OTOH, my disappointment at this bias led to a rich discussion between my daughter and me. For example, we discussed how local workers and businesses are impacted by competition from overseas companies, many of which might not have minimum wage laws for their workers. We talked about how this could affect the workers themselves, and how in the past the lack of minimum wage laws often led to hard-working people living in dire poverty.  And we discussed how taxes imposed on imports could also be viewed by some people as unfair.


Edited by HikeYosemite - 2/21/11 at 4:00pm
post #2 of 6

We haven't got that far yet in the LoF series.  But, I must admit, I wasn't planning on getting the pre-algebra with economics anyways.  From what I remember of my economics courses--they ARE highly political.  I just don't see the need to include it with pre-algebra.  I think it goes along better with a social sciences curriculum.  


Is it possible to skip the econ part or is it interwoven?  I imagine the latter.  Maybe you will need to encourage your dd to look up some of the topics and explore it a bit.  



post #3 of 6

Hm.  My son is in Pre-Algebra I with Biology right now and he loves it, after we loved the Fractions and Decimals books before it.  I was so impressed when we first discovered it that I ordered the full set -- this was before he had Pre-Algebra.  We only recently decided that we would go ahead and get the new Pre-Algebra books.  I'll admit that I haven't read through the Economics one yet.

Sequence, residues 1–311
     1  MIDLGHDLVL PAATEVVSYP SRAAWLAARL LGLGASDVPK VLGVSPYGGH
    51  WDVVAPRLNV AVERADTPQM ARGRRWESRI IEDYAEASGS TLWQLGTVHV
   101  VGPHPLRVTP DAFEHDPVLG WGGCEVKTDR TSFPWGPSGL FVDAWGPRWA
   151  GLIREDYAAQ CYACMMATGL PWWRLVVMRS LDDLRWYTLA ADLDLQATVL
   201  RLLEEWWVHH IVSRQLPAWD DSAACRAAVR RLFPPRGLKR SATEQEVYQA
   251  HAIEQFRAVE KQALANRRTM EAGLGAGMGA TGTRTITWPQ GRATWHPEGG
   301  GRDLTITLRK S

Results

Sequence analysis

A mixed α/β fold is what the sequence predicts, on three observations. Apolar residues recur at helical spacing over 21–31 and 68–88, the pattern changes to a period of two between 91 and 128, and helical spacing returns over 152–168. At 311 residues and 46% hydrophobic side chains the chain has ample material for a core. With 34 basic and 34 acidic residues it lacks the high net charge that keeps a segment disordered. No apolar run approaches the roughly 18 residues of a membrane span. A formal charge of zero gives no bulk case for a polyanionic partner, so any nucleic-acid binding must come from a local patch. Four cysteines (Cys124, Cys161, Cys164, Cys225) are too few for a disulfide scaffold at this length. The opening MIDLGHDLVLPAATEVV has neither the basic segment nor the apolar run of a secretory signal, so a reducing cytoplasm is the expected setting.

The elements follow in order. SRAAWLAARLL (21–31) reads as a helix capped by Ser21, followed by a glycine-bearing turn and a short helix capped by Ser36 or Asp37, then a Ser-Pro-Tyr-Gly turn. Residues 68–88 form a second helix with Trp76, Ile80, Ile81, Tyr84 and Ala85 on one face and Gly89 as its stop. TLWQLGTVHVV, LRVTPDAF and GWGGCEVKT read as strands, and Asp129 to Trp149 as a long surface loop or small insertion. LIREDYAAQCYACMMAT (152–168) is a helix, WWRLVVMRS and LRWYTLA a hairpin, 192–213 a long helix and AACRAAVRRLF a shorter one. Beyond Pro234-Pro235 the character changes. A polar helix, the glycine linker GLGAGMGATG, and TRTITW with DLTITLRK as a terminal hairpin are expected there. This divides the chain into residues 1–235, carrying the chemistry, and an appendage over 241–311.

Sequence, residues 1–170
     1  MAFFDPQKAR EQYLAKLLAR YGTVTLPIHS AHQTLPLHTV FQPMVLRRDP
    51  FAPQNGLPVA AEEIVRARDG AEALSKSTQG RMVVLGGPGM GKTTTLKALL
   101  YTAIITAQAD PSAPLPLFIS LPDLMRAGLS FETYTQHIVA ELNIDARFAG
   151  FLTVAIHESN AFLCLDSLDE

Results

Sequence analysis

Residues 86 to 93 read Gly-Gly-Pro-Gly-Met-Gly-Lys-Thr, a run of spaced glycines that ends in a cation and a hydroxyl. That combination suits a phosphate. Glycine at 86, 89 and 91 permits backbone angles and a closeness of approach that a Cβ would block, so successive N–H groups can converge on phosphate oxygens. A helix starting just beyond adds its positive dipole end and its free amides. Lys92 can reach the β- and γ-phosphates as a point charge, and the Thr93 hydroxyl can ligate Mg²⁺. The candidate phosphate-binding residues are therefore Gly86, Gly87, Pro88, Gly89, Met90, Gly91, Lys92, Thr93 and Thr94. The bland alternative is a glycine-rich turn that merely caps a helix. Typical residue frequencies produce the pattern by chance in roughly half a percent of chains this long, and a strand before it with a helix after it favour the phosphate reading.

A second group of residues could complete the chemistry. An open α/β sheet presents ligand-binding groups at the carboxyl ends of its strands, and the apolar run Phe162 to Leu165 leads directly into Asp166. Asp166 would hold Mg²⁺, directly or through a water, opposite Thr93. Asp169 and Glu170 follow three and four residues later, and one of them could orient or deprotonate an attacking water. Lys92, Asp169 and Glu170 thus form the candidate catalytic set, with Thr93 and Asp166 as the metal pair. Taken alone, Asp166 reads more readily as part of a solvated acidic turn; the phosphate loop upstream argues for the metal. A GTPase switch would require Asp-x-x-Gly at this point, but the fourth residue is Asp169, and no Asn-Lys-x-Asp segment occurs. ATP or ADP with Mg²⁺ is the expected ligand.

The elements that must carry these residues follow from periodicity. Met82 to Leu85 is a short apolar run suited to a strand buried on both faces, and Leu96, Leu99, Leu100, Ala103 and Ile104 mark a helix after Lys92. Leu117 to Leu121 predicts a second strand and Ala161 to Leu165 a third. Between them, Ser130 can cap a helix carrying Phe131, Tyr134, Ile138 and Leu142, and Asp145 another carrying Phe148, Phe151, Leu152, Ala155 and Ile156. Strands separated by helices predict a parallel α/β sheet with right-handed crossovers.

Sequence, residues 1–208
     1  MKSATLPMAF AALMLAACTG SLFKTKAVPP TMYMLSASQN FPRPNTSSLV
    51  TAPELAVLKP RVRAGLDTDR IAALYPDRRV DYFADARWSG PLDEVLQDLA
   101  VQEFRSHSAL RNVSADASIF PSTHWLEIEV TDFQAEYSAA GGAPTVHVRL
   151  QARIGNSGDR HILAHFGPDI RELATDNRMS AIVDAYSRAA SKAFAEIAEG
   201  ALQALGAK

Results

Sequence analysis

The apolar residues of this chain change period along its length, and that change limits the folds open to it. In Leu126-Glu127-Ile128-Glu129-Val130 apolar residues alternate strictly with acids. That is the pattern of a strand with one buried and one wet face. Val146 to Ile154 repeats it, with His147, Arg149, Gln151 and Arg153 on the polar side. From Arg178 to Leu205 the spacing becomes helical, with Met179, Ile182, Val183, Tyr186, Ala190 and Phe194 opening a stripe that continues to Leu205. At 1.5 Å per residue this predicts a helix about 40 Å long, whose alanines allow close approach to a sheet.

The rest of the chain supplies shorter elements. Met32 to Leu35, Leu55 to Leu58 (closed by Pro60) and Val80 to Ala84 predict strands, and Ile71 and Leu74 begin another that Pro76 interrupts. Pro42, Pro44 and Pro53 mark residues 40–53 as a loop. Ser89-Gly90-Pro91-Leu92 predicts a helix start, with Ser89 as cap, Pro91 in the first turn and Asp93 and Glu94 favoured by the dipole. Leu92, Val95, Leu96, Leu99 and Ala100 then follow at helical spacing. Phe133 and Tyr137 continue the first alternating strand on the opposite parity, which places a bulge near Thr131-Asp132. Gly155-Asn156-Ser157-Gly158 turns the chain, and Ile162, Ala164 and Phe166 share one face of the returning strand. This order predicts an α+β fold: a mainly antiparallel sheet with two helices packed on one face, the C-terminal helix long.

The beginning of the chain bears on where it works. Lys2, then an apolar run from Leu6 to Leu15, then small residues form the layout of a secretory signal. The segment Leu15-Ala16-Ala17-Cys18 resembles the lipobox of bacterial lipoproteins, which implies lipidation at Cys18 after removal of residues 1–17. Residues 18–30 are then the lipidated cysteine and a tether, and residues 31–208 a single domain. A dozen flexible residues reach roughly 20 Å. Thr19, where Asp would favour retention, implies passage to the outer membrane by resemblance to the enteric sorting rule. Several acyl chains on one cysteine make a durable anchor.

I know that Stan is on the conservative side of things, there's a definite Christian religious bent in the books but for the most part it's very subtle and not anything problematic for most non-Christians.  But I'll have to read the Economics text to judge... we're not even American, so I don't need American History or much about the Civil War -- sure it's useful to learn about but it's a lower priority at this point in time.  ;)  Economics should be more general, it doesn't have to be country-specific.  


Anyway, thanks for the heads up and I'll check it out for myself and decide what we're going to do...

post #4 of 6

I've looked at those books and yes, the economics part seems unnecessarily biased and opinionated.  I think you can present basic economic principles--even concepts like capitalism, socialism, etc.--using straight definitions and examples without being so one-sided.  The current political climate (poorly informed people name-calling the president a "socialist," etc.) makes this an even touchier subject right now, but perhaps that was Stan's purpose--to add fuel to the current fear-mongering about health care, socialism, etc.?   I'm only guessing.  Otoh, all I can remember about high school economics was Milton Friedman, and I loved our econ. teacher, lol!  lol.gif